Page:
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Pope Francis Celebrates Mass at Madison Square Garden to Cap Off New York Visit

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Photo by Sean Sonnemann

Crowds packed Madison Square Garden last Friday night to see a rock star who has graced the cover of Rolling Stone magazine—a figure important enough to boot even Billy Joel from his regularly scheduled gig at the Garden.

Like most global superstars, he goes by only one name: Francis.

The first of 266 Vicars of Christ to choose the name Francis, the pope capped off his historic trip to New York City by continuing to spread the simple message that is at the core of Church teaching: caring for and loving one’s neighbor.

In a homily delivered in Spanish in front of 20,000 of the world’s 1.2 billion Catholics under his spiritual leadership, he spoke about the challenges of life in metropolises such as New York, where it can be all too easy to ignore those who live in the shadows.

“They are the foreigners, the children who go without schooling, those deprived of medical insurance, the homeless, the forgotten elderly,” he said.

“These people stand at the edges of our great avenues, in our streets, in deafening anonymity. They become part of an urban landscape which is more and more taken for granted, in our eyes, and especially in our hearts.”

The theme of the city ran throughout his homily, fitting for a Mass at that served as the capstone for his whirlwind two-day visit of New York that brought him all the way from Ground Zero to Harlem.

Francis is the second pope to celebrate Mass at “The World’s Most Famous Arena” and arrived earlier than scheduled for the 6:30 p.m. service. As he made a lap of the Garden floor in a golf cart-like Popemobile, attendees snapped pictures and rushed forward for a closer glimpse.

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Photo by Sean Sonnemann

But like any rockstar’s performance, the pope’s Mass was preceded by an opening act that consisted of musicians and Broadway stars. Jennifer Hudson, Gloria Estefan and Harry Connick Jr., among others, sang classic hymns such as “Hallelujah” and “Ave Maria.”

In between songs, the rosary was prayed in both English and Spanish, a nod to both the surging Hispanic population of the Church in New York City and the Argentine pope’s native tongue. At the same time, priests were stationed around the arena to hear confession from those in attendance.

These prelimary proceedings were described by New York Archbishop Timothy Dolan as a “bit of anti-pasto” and “mini-retreat” in a video that played before the ceremonies began.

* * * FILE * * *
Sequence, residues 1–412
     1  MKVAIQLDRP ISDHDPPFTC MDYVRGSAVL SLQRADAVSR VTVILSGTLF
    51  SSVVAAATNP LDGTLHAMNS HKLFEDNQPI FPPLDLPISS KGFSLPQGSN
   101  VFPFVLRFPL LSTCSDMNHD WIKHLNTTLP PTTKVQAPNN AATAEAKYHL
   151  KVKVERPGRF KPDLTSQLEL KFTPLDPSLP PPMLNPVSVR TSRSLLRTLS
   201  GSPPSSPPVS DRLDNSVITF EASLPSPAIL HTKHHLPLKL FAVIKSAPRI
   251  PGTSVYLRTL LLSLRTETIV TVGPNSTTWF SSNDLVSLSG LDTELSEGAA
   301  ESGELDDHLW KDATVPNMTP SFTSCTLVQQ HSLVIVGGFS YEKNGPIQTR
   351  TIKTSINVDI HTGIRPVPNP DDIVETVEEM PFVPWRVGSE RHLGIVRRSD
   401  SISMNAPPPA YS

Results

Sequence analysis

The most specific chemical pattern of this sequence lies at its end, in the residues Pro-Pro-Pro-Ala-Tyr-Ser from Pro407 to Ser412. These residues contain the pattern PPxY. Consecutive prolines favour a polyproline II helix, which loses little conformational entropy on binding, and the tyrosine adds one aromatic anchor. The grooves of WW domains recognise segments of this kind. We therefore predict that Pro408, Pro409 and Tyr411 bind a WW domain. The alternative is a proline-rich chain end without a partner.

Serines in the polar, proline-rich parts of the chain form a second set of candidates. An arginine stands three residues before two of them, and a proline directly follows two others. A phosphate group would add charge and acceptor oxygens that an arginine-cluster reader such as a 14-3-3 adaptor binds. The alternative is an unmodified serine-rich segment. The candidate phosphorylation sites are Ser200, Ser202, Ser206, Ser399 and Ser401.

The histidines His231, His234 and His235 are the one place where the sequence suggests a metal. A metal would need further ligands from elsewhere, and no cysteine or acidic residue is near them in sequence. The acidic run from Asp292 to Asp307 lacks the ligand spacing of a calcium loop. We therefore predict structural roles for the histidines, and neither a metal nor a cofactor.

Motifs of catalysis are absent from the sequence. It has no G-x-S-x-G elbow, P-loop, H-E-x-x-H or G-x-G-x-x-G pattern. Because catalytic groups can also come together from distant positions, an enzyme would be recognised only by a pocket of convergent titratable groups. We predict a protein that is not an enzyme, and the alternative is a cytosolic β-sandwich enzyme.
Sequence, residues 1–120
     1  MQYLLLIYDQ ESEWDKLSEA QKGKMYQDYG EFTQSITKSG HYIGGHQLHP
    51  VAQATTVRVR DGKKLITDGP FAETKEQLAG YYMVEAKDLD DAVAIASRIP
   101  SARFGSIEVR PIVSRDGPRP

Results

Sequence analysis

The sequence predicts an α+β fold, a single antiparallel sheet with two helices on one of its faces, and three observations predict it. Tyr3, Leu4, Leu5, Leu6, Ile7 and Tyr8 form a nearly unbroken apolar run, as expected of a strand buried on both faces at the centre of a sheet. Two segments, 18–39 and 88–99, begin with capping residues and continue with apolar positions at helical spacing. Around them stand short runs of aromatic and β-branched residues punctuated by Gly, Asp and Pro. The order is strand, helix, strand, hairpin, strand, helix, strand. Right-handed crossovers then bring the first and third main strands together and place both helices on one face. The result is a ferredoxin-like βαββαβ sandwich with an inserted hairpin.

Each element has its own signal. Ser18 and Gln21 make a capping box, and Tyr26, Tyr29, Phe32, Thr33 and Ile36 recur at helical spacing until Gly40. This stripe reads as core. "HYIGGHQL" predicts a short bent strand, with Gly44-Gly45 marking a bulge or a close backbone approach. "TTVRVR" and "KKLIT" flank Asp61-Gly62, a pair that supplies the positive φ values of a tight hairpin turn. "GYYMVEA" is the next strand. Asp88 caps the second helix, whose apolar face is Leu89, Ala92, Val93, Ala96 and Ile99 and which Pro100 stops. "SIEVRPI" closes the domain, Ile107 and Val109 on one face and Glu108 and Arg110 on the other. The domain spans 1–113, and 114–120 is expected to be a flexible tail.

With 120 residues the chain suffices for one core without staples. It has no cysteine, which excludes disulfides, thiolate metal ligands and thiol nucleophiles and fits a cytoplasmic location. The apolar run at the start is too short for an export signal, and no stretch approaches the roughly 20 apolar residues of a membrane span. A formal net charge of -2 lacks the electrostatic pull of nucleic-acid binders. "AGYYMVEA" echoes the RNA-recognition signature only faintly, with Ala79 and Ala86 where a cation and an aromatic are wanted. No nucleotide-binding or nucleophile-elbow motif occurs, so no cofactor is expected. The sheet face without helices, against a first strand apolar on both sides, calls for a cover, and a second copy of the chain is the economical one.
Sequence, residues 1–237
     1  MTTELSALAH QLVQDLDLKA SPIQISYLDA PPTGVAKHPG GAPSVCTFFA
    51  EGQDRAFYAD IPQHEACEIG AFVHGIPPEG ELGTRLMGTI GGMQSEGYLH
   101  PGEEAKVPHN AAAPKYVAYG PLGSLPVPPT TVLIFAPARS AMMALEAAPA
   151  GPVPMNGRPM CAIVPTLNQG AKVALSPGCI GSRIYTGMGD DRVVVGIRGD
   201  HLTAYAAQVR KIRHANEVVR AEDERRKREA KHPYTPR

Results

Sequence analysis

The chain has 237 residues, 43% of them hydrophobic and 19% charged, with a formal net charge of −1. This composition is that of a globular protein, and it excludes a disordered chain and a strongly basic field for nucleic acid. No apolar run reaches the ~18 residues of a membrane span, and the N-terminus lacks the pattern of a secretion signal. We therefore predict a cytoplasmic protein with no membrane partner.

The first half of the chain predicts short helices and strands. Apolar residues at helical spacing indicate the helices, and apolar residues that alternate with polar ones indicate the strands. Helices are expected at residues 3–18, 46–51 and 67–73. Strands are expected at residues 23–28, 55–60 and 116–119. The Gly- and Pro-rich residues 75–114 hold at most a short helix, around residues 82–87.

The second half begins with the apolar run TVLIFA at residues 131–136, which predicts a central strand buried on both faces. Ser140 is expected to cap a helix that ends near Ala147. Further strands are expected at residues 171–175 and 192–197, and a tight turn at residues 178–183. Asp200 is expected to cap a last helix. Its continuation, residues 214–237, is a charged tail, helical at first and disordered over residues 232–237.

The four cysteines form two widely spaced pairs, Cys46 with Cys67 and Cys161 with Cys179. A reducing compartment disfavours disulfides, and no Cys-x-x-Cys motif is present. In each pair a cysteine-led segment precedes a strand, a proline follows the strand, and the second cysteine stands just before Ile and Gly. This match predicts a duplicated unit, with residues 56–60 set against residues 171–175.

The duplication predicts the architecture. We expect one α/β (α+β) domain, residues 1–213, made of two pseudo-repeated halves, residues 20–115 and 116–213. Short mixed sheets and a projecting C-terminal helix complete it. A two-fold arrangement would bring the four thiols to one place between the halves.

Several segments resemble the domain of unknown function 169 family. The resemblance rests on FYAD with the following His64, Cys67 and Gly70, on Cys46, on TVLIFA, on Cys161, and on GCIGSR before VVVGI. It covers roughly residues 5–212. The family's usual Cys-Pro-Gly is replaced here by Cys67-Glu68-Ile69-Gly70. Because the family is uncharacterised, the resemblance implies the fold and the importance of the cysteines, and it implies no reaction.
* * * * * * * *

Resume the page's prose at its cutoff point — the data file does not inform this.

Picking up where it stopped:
On a more practical level, however, it allowed time for people to make it through the heavy security that caused lines to form blocks away from entrances to the Garden.

With no tickets available to the general public, most were given away by local parishes through lotteries or similar methods.

A group of 40 Manhattan College students, faculty and administrators traveled down to the Mass, with both Catholics and non-Catholics among the mix.

Sahejveer Singh, a junior chemical engineering student and a Sikh, was lucky enough to receive a ticket for the event.

“I wanted to attend a mass led by Pope Francis because I believe he is a world leader beyond the Catholic church. His humble approach to the papacy makes me an admirer even though I am not Catholic.”

New York Governor Andrew Cuomo, also in attendance, addressed the media moments before the pope’s arrival and spoke of a gift he had presented earlier to Francis that was crafted from steel from the destroyed World Trade Center.

“The state made a cross from that steel and we gave that to the Holy Father, which I think is especially poignant because of that 9/11 ceremony that he did this morning—that was really just magic,” Cuomo said.

“We are looking forward to this evening, but it has been a memorable, memorable two days.”

On a personal level, the governor also shared that the pope provided a blessing for his late father as well as girlfriend Sandra Lee, who has recently struggled with breast cancer.

In many ways, that personal touch has defined Francis’s papacy.

He has continually pushed for a more-inclusive Church. Throughout his visit to the United States, he has called for greater dialogue, cooperation and solidarity among citizens of the world.

“God is living in our cities. The Church is living in our cities, and she wants to be like yeast in the dough,” he said in his homily.

“She wants to relate to everyone, to stand at everyone’s side, as she proclaims the marvels of the Wonderful Counselor, the Mighty God, the Eternal Father, the Prince of Peace.”

At the same time, stories of his humility and infectious joy have won him legions of devoted followers, even non-Catholics.

Following Communion, Dolan addressed the crowd, once again thanking the Holy Father for his visit to the city.

Thunderous cheers erupted as Francis received a standing ovation rivaling, if not surpassing, that of any athlete who scored a game winning-buzzer beater on the Garden’s hardwood or ice.

Before processing out of the arena, he had one simple request for those in attendance.

“And please I ask you, don’t forget to pray for me.”

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